Perhaps there isn’t a better alternative for men living with low testosterone levels after all. Hormone treatments that boost T levels may increase the risk of heart attacks, a new study finds.
The study, published in PLoS ONE, tracked more than 56,000 middle-aged and older men for two years. Researchers at UCLA analyzed the rate of heart attacks among the men prior to and three months following a testosterone treatment. The results are startling: men over 65, who have been diagnosed with heart disease, were twice as likely to experience a heart attack after 3 months of treatment compared to men who did not receive the supplement. Worse yet: in men younger than 65 with history of heart disease, the risk nearly tripled. Researchers did not find greater cardiac risk in younger males without a history of heart disease.
This is hardly breaking news. In the last few years, several studies, including one from the New England Journal of Medicine have pointed to cardiac problems related to testosterone treatments. And yet, sales of the hormone treatments have soared in the last decade, largely due to persuasive marketing and warnings of diminishing energy and libido among men. The treatment is FDA-approved in men with low testosterone levels, which naturally decline with age. But some findings suggest that many men who are prescribed testosterone do not have their levels tested, thus countering physicians’ guidelines.
The latest study is the first of its kind to examine a large population which could prompt further investigation from the FDA. “We will communicate any new safety information on testosterone products when our reviews of all new information have been completed,” FDA Spokeswoman Andrea Fischer said.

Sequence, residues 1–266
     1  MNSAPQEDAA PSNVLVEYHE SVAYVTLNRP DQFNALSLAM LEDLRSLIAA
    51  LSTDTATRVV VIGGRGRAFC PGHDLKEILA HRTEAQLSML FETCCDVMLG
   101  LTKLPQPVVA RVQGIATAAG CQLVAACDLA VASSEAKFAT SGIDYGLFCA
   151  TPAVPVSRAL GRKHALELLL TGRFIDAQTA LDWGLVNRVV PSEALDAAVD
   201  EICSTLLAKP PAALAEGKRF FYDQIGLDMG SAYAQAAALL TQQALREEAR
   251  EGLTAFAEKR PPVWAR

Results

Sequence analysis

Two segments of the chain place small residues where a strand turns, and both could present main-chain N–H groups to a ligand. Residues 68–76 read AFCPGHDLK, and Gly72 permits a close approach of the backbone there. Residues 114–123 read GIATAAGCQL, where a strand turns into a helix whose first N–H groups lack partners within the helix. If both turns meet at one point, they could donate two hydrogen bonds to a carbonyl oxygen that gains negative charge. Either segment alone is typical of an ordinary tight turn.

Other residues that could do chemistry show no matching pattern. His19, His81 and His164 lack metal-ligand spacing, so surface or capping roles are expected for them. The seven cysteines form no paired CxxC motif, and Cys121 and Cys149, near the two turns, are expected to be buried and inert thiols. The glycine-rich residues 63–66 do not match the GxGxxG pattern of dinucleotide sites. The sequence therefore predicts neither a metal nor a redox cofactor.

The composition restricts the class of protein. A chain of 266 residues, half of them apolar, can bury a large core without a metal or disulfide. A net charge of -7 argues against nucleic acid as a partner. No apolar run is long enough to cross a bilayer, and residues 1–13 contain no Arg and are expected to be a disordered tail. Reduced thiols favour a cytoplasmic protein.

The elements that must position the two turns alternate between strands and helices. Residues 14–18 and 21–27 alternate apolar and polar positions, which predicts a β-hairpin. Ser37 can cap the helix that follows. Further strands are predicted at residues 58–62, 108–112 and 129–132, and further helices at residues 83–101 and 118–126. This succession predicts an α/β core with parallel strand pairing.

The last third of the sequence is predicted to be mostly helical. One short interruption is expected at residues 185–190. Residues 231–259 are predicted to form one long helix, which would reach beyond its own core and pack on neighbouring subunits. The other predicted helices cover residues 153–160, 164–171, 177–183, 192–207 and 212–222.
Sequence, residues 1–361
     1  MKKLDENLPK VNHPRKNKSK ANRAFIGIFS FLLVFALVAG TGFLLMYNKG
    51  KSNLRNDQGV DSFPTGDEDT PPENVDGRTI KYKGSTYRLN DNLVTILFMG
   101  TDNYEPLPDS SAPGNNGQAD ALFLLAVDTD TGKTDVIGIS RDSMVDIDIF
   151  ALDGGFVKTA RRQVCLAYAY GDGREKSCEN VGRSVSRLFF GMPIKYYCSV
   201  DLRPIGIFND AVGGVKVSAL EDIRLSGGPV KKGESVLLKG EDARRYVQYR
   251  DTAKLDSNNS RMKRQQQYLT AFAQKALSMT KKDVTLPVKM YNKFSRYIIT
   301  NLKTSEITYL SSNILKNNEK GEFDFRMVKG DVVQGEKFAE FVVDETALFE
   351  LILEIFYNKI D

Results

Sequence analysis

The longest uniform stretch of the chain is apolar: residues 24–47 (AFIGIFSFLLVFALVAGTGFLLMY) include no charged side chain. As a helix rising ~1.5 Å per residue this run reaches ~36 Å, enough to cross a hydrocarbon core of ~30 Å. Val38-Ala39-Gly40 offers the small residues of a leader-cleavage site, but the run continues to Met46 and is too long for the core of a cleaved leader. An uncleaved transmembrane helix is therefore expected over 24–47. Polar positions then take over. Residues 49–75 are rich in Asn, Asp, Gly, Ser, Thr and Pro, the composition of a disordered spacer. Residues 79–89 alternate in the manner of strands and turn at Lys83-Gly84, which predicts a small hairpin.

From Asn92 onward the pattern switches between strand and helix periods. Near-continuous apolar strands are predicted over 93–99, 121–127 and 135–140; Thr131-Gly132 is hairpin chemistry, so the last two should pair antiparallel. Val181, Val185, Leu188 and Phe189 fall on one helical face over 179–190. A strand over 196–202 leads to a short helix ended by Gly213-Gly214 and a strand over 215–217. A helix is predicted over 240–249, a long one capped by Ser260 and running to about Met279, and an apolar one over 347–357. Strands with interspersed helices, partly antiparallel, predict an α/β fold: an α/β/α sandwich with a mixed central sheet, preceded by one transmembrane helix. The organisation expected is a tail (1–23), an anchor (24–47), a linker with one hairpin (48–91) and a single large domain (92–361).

It is unclear whether the drug itself— which carries no warning label regarding cardiac risks — is directly to blame for the increased risk, or perhaps increased sexual activity and other strenuous behavior plays a role, given that the drug may boost energy and sex drive.
ACSH’s Dr. Gil Ross added this: “Men who are a bit ‘under the weather’ in terms of general joie d’vivre, especially in the sexual performance and satisfaction areas, are highly vulnerable to the siren song of ‘Low-T’, a disease largely crafted by the drug industry. Surely men’s T-levels decline as they…OK, we…age. Is that a disease warranting treatment? And while taking testosterone supplements, finding themselves full of vim and vigor: is that due to the treatment, or to their belief in the treatment? Who knows. But we do know one thing is likely: older men with heart histories should reconsider adding ‘T’ to the medications. The extra vigor may come at a tremendous cost.”